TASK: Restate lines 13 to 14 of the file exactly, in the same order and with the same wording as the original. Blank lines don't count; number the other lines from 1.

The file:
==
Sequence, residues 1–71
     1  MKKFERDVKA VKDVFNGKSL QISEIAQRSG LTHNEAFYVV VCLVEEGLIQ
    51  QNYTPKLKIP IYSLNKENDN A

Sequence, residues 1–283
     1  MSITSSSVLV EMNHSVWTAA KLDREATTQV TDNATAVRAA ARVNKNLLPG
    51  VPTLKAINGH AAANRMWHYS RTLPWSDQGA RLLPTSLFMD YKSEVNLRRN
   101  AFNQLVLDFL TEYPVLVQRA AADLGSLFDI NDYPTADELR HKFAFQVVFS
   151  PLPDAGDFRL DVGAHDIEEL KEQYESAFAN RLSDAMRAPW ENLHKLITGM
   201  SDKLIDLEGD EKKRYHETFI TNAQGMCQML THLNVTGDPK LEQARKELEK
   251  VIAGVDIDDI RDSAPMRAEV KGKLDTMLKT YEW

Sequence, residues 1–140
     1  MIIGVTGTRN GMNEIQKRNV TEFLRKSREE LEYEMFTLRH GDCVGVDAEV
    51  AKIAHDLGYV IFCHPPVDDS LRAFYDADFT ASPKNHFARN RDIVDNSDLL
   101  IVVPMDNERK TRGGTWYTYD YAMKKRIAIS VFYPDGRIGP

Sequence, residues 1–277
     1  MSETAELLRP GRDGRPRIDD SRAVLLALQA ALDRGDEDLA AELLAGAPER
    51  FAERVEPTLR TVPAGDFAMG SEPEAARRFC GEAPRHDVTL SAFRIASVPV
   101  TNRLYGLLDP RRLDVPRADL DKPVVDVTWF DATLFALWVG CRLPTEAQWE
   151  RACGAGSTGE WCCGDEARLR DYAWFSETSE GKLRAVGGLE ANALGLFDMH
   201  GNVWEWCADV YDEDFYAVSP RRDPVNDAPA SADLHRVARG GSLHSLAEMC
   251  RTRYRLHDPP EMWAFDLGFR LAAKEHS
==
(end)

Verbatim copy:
    51  AKIAHDLGYV IFCHPPVDDS LRAFYDADFT ASPKNHFARN RDIVDNSDLL
   101  IVVPMDNERK TRGGTWYTYD YAMKKRIAIS VFYPDGRIGP